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Clare Morneau on connecting with students in a Kenyan refugee camp

Clare Morneau’s new book Kakuma Girls tells the stories of girls at Morneau Shepell Secondary School for Girls in the Kakuma refugee camp.

Many young girls have pen pals. But few have pen pals living in a Kenyan refugee camp. Clare Morneau, the daughter of Finance Minister Bill Morneau, has been working to change that. She started a pen-pal program between the girls at her high school, Havergal College in Toronto and the girls at Morneau Shepell Secondary School for Girls in the Kakuma refugee camp. Their handwritten letters were interspersed with group Skype calls, and in February, 2016, Morneau was given the opportunity to visit Kenya and meet several of the very girls she and her classmates had been corresponding with.

Her new book Kakuma Girls tells the stories of these girls from two different continents and entirely different circumstances.

It presents snapshots of who the Kakuma girls are, shows the letters sent across the globe, provides both the Kakuma girls' and Canadian girls' takes on subjects such as home, friendship, education, war and peace, all while providing background on the refugee crisis and the camp these girls live in. Morneau spoke to The Globe and Mail from Toronto.

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Why did you decide to start a partnership between Havergal College students and the Kakuma girls?

I think it's partly because of my family. We've always been community oriented. My sister Grace is from Uganda and I think she's taught me, and I've learned from her, about the power of personal stories and how different facts can be when you actually hear them firsthand from someone who's lived through dangerous situations or trauma. And when I heard about these refugee girls at the Morneau Shepell Secondary School for Girls, I wanted to know more. I wanted to know their stories, their background and why they were so intent on pursuing an education.

What would you say was the biggest thing that the project accomplished?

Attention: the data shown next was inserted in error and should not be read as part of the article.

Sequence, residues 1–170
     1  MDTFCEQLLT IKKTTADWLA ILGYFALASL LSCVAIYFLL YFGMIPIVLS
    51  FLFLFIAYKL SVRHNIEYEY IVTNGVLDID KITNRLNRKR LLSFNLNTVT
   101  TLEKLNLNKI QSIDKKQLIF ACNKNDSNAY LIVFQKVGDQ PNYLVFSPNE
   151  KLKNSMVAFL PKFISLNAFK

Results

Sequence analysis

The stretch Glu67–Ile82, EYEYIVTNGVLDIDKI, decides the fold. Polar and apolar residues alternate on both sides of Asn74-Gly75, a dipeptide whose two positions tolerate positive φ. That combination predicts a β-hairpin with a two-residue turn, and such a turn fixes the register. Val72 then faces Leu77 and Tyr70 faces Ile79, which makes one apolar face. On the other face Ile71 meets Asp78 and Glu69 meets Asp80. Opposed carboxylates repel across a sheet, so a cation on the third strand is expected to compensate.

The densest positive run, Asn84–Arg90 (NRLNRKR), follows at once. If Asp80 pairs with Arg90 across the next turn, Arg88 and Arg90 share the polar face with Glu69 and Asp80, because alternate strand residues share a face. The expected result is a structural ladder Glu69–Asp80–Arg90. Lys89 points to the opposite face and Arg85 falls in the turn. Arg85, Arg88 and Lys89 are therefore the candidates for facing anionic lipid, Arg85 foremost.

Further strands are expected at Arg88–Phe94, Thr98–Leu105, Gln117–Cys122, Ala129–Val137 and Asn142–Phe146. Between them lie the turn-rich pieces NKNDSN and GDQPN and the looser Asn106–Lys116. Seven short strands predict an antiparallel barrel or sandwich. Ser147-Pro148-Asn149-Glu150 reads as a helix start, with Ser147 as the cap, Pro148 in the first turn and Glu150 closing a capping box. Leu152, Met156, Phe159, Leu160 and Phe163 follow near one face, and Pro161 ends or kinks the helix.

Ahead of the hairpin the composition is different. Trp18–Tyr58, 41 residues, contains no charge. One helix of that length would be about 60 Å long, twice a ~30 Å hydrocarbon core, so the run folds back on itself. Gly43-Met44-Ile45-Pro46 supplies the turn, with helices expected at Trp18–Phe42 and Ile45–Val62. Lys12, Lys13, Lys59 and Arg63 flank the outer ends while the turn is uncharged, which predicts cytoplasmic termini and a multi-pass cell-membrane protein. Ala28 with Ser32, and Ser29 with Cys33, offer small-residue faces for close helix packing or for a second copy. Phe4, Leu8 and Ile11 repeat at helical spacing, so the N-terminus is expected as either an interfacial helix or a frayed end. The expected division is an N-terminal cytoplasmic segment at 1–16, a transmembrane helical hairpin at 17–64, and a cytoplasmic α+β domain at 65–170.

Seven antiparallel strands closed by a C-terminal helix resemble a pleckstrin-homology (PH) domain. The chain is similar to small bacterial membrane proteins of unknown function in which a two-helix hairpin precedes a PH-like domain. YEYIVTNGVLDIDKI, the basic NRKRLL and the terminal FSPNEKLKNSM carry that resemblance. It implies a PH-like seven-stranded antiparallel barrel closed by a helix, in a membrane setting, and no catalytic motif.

The realization that education is something that should never be taken for granted because, at least for the girls in Kakuma refugee camp, it isn't. It is their everything.

There's a girl named Rita Monday Tom from South Sudan and she lived in Kakuma without her parents from 2006 to 2013 and then went back to see her family in 2013 and they asked her to stay with them in South Sudan.

She said no because she wanted to get an education and she knew she wouldn't be able to do that. So she went back to Kakuma without her parents just so that she could continue her education.

In the book you write, "It's easy to forget about the need for girls' education in many parts of the world when you're living in a society that accepts and promotes it." What else did you learn about the world from the Kakuma girls and from this entire experience?

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How little it takes to bring people together even when they're from such different backgrounds and have such different stories. It can take a letter, it can take even just a nice drawing that you do for someone or the connection that you make because you both want to be an engineer, or you want to study the same thing if you go on to university.

Little things like that remind me that the world is not that big of a place.

At the end of the book you talk about travelling to Kenya and meeting some of the Kakuma girls in person. What was that like?

It was honestly surreal. Thinking back on it, I can't believe it happened because I have talked to these girls for so long and heard their stories, read their stories, written about their stories. And then to meet them in person was unbelievable. I remember Christine, she's a refugee from the Democratic Republic of the Congo, she came through the door and I almost started crying. It was like seeing an old friend because I knew so much about her.

This interview has been edited and condensed.

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